The First Steps To Finally Motivate Yourself (Despite Your Anxiety)

This isn’t to describe what anxiety is or is not, or to help those who do not have it understand what it means. This is for those who have suffered, from the paranoia, the self-deprecating thoughts, the panic, the worry, and the resulting lack of motivation. This is for those who still live with those things, those feelings, who clench their teeth when you address a sensitive flaw, who do breathing exercises to alleviate the tightness in their chest, who fall asleep on tear-stained bed sheets and don’t know why. This is for you.

The first thing to do is to maintain. No ups or downs here, the point is to stay level. The worst way to begin building yourself up is to weigh yourself down with more anxiety by worrying about how to get better or to succeed right away. Just feeling anxious and not knowing how to calm it down is enough to add more concern and fuel a vicious cycle of doubt and fear, so we need to just feel what we feel. No less, no more. Thus we maintain: we accept where we are, knowing, from prior experience, from the calming words of others, and from the sheer strength of the human spirit, that this feeling can go away.

Next, this step is more external, because visual reinforcement can often help counteract negative thoughts and negative people. Choose a day you have nothing, and if you can’t find one, make one. No commitments, no urgent emails to answer, just a clear mind and a clear space. If you don’t have a clear space, a great way to prep your mind for clarity and careful thought is to physically clear your space. Cleaning does wonders for decluttering the mind, and an organized area leaves room for your thoughts and dreams to fill the space you have opened up. Sit down with a favorite drink, preferably water or tea, a pen, and a notebook. Not a sheet of paper, but a brand spankin’ new notebook. This is a fresh start, and it needs to be represented visually. Date the first page, and write down everything you do well, ridiculous or not. We don’t want resume-grade professionalism, we need honesty and depth. We need introspection and a genuine search for the good and worthy within yourself. Cleaning the fridge out regularly, having an eye for minute décor details, being there for your depressed friend and knowing how to check your car’s oil are all valid. Get creative, get positive, get deep. This may seem too “dream journal” or childish for you, but everyone deserves this. If you don’t want to do it for yourself, do it for someone close to you and send it to them. Spread and nurture love, and it’ll grow.

Fill up pages, do a face mask and come back to it, take all day, or take an hour. Just do it until you are done. Use the rest of the day for yourself. For meditation, for cleaning, for making a home-cooked meal, going to a café and relaxing, reading, writing, sleeping. Take this day for you and no one else. This is the day it begins, let it begin on a good note. I think it should go without saying: stay disconnected. We know the dangers of social media, the vulnerabilities and self-doubt it triggers. Let’s not ruin the day. Love this day, and if you need, let go of the stress or the worry of human interaction. You don’t have to see anyone if you don’t want to. Stay in. Make a fort in your living room with a sheet and string, put an acoustic playlist on shuffle, or play the music yourself. Do whatever you must to relieve yourself of the constant clenching you feel in your head, chest, soul. Drink chamomile and have a hot bath before bed. Tuck in early. Jot a quick list of things to remember the next morning, simple: wake up, oatmeal and blueberries, navy outfit, check traffic, leave by 9. Fall asleep with ease for once.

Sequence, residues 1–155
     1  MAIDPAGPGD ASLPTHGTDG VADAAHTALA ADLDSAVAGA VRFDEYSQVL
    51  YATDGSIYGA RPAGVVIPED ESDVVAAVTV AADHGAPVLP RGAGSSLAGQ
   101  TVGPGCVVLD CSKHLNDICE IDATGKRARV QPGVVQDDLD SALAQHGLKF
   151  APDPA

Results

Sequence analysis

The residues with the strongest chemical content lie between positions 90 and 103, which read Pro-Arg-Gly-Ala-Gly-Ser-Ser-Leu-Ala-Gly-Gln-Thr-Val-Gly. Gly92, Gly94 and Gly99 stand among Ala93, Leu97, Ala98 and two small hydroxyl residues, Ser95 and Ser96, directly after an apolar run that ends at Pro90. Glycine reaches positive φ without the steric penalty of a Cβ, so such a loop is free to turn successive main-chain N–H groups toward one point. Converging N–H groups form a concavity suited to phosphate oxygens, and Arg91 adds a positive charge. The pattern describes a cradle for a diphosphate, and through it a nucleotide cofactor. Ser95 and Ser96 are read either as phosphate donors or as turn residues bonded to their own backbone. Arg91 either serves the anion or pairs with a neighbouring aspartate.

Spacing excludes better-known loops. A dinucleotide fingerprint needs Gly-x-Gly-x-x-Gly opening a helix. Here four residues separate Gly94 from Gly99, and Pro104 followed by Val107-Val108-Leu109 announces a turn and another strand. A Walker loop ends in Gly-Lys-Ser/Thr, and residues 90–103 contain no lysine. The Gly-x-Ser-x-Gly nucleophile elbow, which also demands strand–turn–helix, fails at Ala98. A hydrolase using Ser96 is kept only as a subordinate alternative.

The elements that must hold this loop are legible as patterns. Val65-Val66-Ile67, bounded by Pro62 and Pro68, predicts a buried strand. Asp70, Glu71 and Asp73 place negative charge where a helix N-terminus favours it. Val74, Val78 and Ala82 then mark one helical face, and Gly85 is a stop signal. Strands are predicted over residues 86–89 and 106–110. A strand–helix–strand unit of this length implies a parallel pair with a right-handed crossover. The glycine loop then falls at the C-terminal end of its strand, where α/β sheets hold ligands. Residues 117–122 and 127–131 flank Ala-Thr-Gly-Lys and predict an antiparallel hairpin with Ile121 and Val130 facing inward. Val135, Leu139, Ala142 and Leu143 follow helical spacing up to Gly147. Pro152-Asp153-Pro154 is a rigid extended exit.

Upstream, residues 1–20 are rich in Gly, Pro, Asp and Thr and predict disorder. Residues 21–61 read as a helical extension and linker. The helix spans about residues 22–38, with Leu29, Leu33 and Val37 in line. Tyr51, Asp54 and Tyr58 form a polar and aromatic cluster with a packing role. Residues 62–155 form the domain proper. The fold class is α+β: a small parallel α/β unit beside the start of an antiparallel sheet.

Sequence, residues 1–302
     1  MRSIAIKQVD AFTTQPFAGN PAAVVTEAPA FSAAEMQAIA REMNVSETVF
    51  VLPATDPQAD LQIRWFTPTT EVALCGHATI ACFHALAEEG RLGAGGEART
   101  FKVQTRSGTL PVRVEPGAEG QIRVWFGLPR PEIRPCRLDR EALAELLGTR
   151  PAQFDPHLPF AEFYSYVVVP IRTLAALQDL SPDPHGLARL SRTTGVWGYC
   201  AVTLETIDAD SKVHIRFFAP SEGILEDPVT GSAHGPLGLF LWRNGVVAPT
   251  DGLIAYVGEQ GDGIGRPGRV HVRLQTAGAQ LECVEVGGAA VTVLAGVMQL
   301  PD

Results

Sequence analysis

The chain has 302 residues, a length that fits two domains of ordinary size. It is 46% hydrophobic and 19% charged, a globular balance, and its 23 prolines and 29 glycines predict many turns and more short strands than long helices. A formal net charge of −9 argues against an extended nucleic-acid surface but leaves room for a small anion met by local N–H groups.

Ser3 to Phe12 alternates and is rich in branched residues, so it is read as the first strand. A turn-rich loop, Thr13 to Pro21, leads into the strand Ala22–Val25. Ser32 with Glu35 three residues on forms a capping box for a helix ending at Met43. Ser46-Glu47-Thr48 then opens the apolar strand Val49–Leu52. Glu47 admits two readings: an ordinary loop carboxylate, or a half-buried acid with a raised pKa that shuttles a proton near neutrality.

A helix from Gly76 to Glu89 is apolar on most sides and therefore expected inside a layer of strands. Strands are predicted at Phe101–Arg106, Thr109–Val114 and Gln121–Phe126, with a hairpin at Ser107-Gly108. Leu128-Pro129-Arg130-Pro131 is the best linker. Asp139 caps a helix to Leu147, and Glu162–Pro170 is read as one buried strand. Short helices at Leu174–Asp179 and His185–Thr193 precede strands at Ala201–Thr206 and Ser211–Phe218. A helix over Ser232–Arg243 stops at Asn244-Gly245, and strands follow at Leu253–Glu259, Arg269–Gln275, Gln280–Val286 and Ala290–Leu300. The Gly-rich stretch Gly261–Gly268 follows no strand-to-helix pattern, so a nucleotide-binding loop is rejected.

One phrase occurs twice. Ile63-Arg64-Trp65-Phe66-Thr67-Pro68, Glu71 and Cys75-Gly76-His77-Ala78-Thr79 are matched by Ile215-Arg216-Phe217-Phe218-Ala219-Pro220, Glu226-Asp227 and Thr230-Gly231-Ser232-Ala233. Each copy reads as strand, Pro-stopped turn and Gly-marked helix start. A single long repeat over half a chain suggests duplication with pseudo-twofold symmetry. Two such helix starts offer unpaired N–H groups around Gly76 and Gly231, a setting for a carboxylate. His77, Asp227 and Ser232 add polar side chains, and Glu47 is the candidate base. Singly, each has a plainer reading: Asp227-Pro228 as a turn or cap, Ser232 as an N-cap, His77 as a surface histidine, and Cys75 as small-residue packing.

The next day you wake up, don’t let yourself be jolted back into the tedious routine. Stay focused on the goal all day: you. Prioritize yourself, this is the start of a lifetime doing so. Don’t apologize for useless things, book a doctor’s appointment, start visualizing your goals. Let the momentum of a busy new day carry you, not push you. Go with it and add to it, let your in-betweens be filled with positive future plans, ideas, inspirations. What are these goals? A perfect on the LSAT? A managerial position? Weight loss, published work, respect, love? Why do you deserve these things? It’s on the first page of your book. Use this book to interrupt your self-effacing thoughts, what your parents say, the negative things you’ve held onto and nurtured with your fear. Date the notebook again, and only write the positives of the day down. Writing the negative does not purge the body, it preserves the painful and gives it power to exist alongside you. Only the positive. Repeat, every day. Recycle the personal day as needed. And soon you will feel it: a shift. A gradual change in your perspective, an expanding room for growth. This isn’t a fix-all, these are the first steps to realization, when you begin to understand that there is more to you than what holds you down. You can expand beyond it.

This isn’t about fixing your anxiety, that’s a job for you and you alone. This is more about understanding, underneath all the fear, that you are worthy of greater things. Of top university acceptances, of promotions, of self-help, health, love, and consideration. Keep that in mind, at the very least, and bloom accordingly.

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